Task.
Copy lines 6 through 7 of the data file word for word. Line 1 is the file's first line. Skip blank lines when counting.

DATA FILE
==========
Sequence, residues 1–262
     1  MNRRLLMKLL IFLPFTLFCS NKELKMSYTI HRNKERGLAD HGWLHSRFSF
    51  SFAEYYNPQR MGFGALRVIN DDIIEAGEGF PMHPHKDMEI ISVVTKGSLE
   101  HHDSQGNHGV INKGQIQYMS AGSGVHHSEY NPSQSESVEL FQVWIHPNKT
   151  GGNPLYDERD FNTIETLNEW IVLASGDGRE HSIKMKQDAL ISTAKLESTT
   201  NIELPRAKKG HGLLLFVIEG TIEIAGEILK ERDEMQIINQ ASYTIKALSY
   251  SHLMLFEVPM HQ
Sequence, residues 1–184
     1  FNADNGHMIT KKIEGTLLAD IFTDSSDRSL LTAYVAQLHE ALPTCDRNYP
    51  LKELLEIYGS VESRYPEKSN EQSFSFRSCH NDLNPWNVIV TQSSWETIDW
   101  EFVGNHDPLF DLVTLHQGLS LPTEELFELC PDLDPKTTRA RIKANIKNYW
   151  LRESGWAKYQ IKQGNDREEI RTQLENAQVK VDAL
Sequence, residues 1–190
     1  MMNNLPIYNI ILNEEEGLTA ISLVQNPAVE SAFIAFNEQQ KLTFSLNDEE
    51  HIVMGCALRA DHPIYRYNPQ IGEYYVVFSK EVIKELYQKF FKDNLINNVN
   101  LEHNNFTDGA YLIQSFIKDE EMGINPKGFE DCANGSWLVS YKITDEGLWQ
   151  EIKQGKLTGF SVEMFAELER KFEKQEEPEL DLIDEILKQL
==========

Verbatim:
   201  NIELPRAKKG HGLLLFVIEG TIEIAGEILK ERDEMQIINQ ASYTIKALSY
   251  SHLMLFEVPM HQ